There is a passing reference up there to removing ACL entries: “While changing permissions I was prompted several times to remove bad account references. I did this as the computer knows which accounts have been removed.”

    The “bad account references” are nothing of the sort. They are actually “callback ACEs”, a particular type of access control that the standard security dialog does not know how to handle. They are perfectly valid. You can recognize them by their different icon. With the built-in ACL editor, there is apparently no way to edit an ACL that contains this kind of entry.

    Now, the “IRREPARABLE DAMAGE” I mentioned above may not be very severe, particularly since it only extends to this one DCOM application. Still, these are bad instructions and should not be followed.

    Second, some observations:

    1. This error happens “out of the box” after a clean installation. There is no need to have upgraded from anything or have installed any applications whatsoever.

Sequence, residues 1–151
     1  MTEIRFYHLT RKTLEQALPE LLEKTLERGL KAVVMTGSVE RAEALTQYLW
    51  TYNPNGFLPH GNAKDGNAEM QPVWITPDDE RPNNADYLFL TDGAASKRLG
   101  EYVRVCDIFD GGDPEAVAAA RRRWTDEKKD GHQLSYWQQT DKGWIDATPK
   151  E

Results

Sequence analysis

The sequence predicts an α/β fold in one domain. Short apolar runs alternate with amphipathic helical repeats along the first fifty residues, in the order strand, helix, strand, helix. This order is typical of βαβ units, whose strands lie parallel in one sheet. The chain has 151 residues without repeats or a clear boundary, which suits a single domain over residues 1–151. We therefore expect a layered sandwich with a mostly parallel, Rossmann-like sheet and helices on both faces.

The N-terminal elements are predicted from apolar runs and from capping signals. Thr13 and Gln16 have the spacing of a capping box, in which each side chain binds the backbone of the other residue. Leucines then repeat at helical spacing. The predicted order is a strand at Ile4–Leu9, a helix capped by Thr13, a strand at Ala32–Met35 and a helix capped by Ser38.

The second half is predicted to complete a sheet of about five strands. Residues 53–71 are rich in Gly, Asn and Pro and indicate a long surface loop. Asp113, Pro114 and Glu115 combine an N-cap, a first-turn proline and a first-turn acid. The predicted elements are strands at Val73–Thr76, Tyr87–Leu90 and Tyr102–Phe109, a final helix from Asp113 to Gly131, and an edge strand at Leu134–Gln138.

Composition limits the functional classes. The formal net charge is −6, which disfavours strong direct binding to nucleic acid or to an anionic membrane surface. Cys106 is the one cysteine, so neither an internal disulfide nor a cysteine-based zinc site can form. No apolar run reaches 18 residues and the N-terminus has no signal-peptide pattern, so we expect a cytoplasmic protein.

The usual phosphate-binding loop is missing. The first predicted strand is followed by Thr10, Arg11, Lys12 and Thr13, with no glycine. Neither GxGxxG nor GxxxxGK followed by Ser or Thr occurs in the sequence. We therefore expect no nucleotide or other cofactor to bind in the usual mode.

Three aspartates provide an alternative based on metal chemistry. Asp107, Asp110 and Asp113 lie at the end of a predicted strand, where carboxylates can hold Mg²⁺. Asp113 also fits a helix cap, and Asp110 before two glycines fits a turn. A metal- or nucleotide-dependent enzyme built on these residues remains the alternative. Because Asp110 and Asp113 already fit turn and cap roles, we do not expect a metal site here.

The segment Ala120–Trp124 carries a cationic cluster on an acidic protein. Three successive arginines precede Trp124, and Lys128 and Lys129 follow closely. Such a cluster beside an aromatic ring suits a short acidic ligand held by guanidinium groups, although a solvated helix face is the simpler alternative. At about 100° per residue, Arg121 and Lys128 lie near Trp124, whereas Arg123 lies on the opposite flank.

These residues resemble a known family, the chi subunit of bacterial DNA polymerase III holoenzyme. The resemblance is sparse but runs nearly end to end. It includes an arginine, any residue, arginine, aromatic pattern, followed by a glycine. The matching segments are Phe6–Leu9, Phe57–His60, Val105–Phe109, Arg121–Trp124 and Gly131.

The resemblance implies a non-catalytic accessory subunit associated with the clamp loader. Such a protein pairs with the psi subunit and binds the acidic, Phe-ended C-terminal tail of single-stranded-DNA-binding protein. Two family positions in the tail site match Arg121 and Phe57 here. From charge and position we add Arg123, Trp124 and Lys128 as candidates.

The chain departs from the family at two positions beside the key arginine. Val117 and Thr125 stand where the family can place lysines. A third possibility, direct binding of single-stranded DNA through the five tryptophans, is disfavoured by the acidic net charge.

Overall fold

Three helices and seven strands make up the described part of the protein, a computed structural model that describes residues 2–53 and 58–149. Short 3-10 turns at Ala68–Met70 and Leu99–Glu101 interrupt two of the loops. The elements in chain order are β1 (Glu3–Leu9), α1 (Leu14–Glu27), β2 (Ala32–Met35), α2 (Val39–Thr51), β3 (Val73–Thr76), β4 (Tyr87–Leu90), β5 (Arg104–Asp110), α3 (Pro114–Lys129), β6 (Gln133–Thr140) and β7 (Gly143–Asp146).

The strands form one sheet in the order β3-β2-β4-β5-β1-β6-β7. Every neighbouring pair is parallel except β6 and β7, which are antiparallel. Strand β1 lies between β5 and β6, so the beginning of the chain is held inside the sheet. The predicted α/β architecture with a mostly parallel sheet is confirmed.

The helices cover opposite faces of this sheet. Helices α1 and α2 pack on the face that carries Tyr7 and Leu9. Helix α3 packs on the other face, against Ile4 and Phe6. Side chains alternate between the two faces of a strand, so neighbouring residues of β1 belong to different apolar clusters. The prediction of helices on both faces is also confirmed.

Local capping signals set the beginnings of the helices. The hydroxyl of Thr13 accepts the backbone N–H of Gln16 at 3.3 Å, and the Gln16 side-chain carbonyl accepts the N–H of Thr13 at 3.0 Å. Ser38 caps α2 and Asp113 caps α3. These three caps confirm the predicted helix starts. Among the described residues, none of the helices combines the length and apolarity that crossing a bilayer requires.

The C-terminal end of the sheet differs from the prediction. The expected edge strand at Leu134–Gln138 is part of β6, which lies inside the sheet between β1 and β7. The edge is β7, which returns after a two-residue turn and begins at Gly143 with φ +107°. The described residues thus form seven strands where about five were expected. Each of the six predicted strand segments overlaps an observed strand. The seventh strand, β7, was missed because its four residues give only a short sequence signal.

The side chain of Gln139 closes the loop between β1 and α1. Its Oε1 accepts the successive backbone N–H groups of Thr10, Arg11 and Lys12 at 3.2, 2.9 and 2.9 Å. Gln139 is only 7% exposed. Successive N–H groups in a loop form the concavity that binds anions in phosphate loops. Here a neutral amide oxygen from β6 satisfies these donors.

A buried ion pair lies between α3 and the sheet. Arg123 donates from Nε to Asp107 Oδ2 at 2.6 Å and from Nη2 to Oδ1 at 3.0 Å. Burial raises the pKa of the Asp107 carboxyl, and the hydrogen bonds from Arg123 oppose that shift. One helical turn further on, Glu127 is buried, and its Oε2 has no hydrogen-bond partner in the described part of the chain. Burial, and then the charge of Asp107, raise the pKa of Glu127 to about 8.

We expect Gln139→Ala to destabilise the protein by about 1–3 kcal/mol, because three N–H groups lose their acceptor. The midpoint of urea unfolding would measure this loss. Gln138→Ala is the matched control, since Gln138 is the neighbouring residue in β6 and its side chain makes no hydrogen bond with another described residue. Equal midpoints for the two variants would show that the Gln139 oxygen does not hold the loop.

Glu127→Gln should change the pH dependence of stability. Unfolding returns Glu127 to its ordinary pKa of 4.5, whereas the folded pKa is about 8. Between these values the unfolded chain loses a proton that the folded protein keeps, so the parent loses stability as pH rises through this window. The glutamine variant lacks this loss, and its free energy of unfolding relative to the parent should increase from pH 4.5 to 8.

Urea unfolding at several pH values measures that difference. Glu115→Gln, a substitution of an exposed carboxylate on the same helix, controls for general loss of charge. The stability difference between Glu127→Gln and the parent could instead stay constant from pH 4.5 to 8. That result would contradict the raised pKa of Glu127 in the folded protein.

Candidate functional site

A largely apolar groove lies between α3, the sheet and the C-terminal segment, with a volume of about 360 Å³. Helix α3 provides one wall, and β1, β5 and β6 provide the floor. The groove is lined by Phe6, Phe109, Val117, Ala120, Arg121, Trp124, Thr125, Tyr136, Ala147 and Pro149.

2. Why is granting the “missing” permissions the correct fix? If the registry as shipped does not give that access to LocalService etc., might there not be a reason for that?

    Like

    1. Hi Christian,
      Very good point that this may be by design. However the irreperable damage claim is a bit extreme. Good tag line like 8 things to do to fix your W10, #7 will really suprise you.
      This error code can be completely ignored most of the time. However, would you agree that having entries that throw errors on purpose and are unowned by ACE is probably not best practice in a modern software lifecycle. What I am getting at it is.. just because software can do this… it is probably NOT a good idea

      Like

    2. You are quite right, these instructions should not be followed. You end up with a broken system that cannot load Edge or any Win 10 App. Even trying to reverse the instructions does not work as the damage has been done, presumably by other associated permissions getting screwed. There are loads more Dcom errors also, so the method is self defeating!

      Like

    3. I second that. The default launch permissions for RuntimeBroker, allow callback access for the interactive user. It’s that access that one has to remove to apply the suggested “fix”.